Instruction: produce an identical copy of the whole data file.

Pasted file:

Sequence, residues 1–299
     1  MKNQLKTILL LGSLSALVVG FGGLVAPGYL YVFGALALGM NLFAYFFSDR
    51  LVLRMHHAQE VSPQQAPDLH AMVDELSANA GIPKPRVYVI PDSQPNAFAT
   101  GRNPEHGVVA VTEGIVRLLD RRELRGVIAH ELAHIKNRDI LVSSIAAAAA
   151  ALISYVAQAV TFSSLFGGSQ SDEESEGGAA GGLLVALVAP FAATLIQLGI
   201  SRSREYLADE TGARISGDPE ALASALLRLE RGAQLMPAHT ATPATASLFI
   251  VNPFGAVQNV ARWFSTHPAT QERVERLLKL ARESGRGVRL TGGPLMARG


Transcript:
Sequence, residues 1–299
     1  MKNQLKTILL LGSLSALVVG FGGLVAPGYL YVFGALALGM NLFAYFFSDR
    51  LVLRMHHAQE VSPQQAPDLH AMVDELSANA GIPKPRVYVI PDSQPNAFAT
   101  GRNPEHGVVA VTEGIVRLLD RRELRGVIAH ELAHIKNRDI LVSSIAAAAA
   151  ALISYVAQAV TFSSLFGGSQ SDEESEGGAA GGLLVALVAP FAATLIQLGI
   201  SRSREYLADE TGARISGDPE ALASALLRLE RGAQLMPAHT ATPATASLFI
   251  VNPFGAVQNV ARWFSTHPAT QERVERLLKL ARESGRGVRL TGGPLMARG